By DMLF Team
The Ethiopian Labour Proclmation No 1156/2019 incorporates sexual harrasment and sexual violence as conditions to terminate employment contracts without notice for both the employer and the worker. This is a new addition to the Ethiopian labour law. We shall briefly look into what sexual harrasment and sexual violence are and the consequesnces in terms of termination of employment contract, serverance pay and compensation.
Sexual harassment has been defined in the Proclamation as ‘pursuing or convincing another through utterances, signs or any other manner, to submit for sexual favor without his/her consent’’. On the other hand, sexual harassment accompanied by force or an attempt thereof is defined as sexual violence.(Art.2(11)&(12)).
Commiting sexual harrasment or sexual assualt at workplace is termed a prohibited act for employer and managerial employee.(Art.14(1)(h)). Similarly commiting sexual harrasment or sexual assult at work plae is a prhobited act for the worker.( Art.14(2)(h)).
Sexual harrasment or sexual violence at workplace is therefore a sufficent ground for termination of employment without prior notice by the employer. (Art.27(1)(i)). The right of the employer to terminate the contract of employment shall lapse after thirty working days from the date the employer knew the existence of a ground for termination.(Art.27(3)).
Where a worker has been a victim of sexual harassment or sexual violence by the employer or managerial employee, the worker can terminate his contract of employment without notice.(Art.32(1)(b)). In this regard, the worker has to inform the employer in writing the reasons for termination. An action should be taken within 15 working days from the date at which the act occurred or ceased to exist. Otherwise it will be barred by period of limitation.( Art.32(2)&(33)).
Severance pay is available for a worker who resigned due to sexual harrasment or sexual violence by the employer or managerial employee. Where such an act is committed by a colleague and the incident was reported to the employer but the latter failed to take appropriate action in due time, the worker is entitled to severance pay. (Art.39(1)(d)).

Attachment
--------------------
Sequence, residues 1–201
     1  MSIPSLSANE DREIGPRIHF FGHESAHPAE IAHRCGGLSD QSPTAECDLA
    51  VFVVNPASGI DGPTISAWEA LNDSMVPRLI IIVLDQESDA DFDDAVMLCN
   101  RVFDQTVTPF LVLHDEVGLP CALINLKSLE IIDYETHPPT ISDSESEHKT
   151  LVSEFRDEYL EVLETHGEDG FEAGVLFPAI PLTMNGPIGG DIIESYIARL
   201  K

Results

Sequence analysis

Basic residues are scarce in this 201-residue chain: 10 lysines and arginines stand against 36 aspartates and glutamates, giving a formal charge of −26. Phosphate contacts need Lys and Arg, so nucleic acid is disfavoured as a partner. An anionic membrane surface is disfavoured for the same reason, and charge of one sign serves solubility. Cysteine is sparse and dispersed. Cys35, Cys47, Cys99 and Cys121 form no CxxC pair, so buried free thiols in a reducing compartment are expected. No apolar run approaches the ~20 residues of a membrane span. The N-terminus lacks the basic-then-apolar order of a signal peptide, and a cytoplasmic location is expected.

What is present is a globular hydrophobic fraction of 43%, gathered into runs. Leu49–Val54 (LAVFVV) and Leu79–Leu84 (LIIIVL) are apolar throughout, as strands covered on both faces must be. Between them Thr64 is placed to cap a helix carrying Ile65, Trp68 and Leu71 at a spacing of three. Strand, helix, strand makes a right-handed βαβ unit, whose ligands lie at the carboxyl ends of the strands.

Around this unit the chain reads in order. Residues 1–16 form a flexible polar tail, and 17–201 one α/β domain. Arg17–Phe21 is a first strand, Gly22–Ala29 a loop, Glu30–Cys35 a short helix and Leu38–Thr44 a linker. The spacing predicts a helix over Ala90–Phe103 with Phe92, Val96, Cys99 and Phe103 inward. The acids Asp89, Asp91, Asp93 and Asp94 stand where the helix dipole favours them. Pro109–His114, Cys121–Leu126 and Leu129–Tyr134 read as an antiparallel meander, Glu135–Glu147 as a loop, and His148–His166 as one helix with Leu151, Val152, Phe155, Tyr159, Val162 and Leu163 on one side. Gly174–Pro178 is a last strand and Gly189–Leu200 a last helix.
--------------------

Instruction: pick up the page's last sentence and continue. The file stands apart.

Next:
The amount of severance pay shall be thirty times the average daily wage of the last week of service for the first year of service. Where the service of the worker is less than one year, the severance pay shall be calculated in proportion to the period of service.(Art.40(2)). Where a worker who has served for more than one year, severance pay shall be increased by one-third of the monthly wage(i.e thirty times the average daily wage of the last week of service) for every additional year of service. Nevertheless, the total amount shall not exceed twelve months’ wage of the worker.(Art.40(3)).
Where the termination of employment is made by a worker due to sexual harrasment or sexual violence, the worker is entitled to compensation of his daily wage multiplied by 90. This is in addition to the severance pay.(Art.41(2)).
To sum up, the introduction of sexual harrasment or sexual violence as a serious ground for termination of employment without notice shows the level of importance such an act is given by the legislator. The employer is required by law to take action when such a sexual harrasment or sexual violence in a work place is reported. A victim of sexual harrasment or sexual violence is therefore entitled to severance pay and compensation.
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